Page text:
“A typical day might have been roller skating, then buck-board driving, then riding and then maybe shooting with blanks and then maybe a band rehearsal.” Bruce Bennett celebrates one aspect of Heaven’s Gate that’s never needed reevaluation: the marvelous score by 24-year-old composer David Mansfield.
“Well I hope that you’re happy with what you’ve made/in the land of the free and the home of the brave.” Leah Churner looks back at David Byrne’s True Stories and judges the film remarkably prescient not just in its boxy, clean-lined, suburban aesthetic but for the specific prediction it made about the impermanence of its locations, now almost all built over and redeveloped out of existence. Noted by Criterion.
Also via Criterion, two playful (no, really) bits of ’80s ephemera by Antonioni: a music video that shuffles through movie genres, and a commercial featuring a Renault driving down a road that could be a sidestreet in Tati’s Playtime.
Life presents a gallery of Allan Grant’s celebrity photographs, which convey a vibrant immediacy whether they’re backstage shots of Audrey Hepburn and Grace Kelly snapped on the fly or as staged as a hundred Shelley Winters smiling at you from mirrored walls.
The Morlocks’s Kimberly Lindberg spotlights one of the House of Horror’s secret weapons: the elegantly lurid poster art of Tom Chantrell, which was sometimes enough to sell Hammer films overseas before the movies themselves had been made. Don’t miss the last image, Chantrell’s posing, teeth bared and fists raised angrily to the heavens, in a reference photo for Dracula Has Risen from the Grave.
Harris Savides, one of the great cinematographers of our day, was equally adept on a small, fast and loose shoot with limited technical resources (Gus Van Sant’s Gerry and Elephant, Noah Baumbach’s Margot at the Wedding) as on a technically demanding and exacting production (David Fincher’s Zodiac). He passed away at the far-too-young age of 55. Kevin Jaggernauth remembers the artist and the art for IndieWire, with some favorite clips. More collected by the indispensible David Hudson at Fandor’s Daily.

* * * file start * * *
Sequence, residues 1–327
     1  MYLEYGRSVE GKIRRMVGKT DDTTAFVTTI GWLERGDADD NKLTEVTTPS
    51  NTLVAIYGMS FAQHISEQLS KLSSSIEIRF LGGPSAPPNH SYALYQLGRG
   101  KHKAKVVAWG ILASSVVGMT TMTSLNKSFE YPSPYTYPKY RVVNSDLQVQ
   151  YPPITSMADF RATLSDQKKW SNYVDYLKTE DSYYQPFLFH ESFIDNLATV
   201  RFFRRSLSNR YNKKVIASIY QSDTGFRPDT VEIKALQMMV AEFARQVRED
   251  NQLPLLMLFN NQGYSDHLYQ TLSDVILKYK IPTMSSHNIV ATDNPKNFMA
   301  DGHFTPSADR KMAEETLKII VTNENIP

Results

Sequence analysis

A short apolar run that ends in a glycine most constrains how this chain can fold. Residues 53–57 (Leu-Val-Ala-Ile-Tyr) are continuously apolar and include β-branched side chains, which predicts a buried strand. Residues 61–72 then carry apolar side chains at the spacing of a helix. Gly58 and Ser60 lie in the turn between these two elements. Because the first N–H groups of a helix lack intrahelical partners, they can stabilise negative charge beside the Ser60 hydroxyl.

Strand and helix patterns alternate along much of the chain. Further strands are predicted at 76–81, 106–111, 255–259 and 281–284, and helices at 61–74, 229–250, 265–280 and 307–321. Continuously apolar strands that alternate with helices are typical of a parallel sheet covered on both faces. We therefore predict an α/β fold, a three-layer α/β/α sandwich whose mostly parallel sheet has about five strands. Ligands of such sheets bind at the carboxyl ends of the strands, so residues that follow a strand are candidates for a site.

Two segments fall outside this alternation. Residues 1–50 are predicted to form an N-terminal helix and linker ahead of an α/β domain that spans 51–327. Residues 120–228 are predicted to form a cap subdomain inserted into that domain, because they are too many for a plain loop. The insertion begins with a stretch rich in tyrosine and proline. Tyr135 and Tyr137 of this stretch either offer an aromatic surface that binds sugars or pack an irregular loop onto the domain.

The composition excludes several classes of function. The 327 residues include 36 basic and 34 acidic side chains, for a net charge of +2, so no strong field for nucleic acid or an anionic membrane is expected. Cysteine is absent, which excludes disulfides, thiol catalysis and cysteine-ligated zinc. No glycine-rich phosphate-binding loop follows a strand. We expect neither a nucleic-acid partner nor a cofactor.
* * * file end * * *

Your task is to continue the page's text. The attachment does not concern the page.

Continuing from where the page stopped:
We just learned that Turhan Bey, former B-movie star nicknamed “The Turkish Delight,” died last week. The Viennese-born son of a Turkish father and a Czech mother had a boyish face and an exotic look that landed him roles as Arabs (Arabian Nights), Asians (Dragon Seed), and all manner of foreign villains, notably in the title role of the cult noir The Amazing Mr. X (aka The Spiritualist). He retired to Vienna and passed away at on September 30 at the age of 90. Ronald Bergan at The Guardian.
Alex Karras, the former Detroit Lion football star turned actor who memorably played Mongo in Mel Brooks’ Blazing Saddles and James Garner’s bodyguard in Victor/Victoria, passed away at the age of 77. Most obituaries focus on his impressive sports career; the A.V. Club recalls the actor.
The 17th Seattle Lesbian & Gay Film Festival, which opened Thursday night at the Cinerama, plays through Sunday, October 21 at Northwest Film Forum, The Egyptian Theater, Pacific Place, and Central Cinema. Complete line-up here, and Brian Miller has a preview at Seattle Weekly.
Krzysztof Kieslowski’s “Three Colors” trilogy plays at The Uptown, beginning Monday, October 15 and playing through Thursday, October 18. Schedule and ticket information here. I wrote up a capsule for Seattle Weekly but also reviewed the films in more depth for Turner Classic Movies last year.
Grand Illusion’s “All Monsters Attack” October series continues with a pair of Roger Corman-produced horror comedies that teams up Vincent Price, Peter Lorre, and Boris Karloff: The Raven and The Comedy of Terrors.
Opening in theaters this week: Ben Affleck’s superb Argo (which should immediately jump into the lead of the Oscar race) and the overheated The Paperboy with Nicole Kidman and Matthew McConaughey.
The weekly links page is compiled and curated by Bruce Reid, with obituaries and Seattle Screens curated by Sean Axmaker, and other contributions from friends of Parallax View.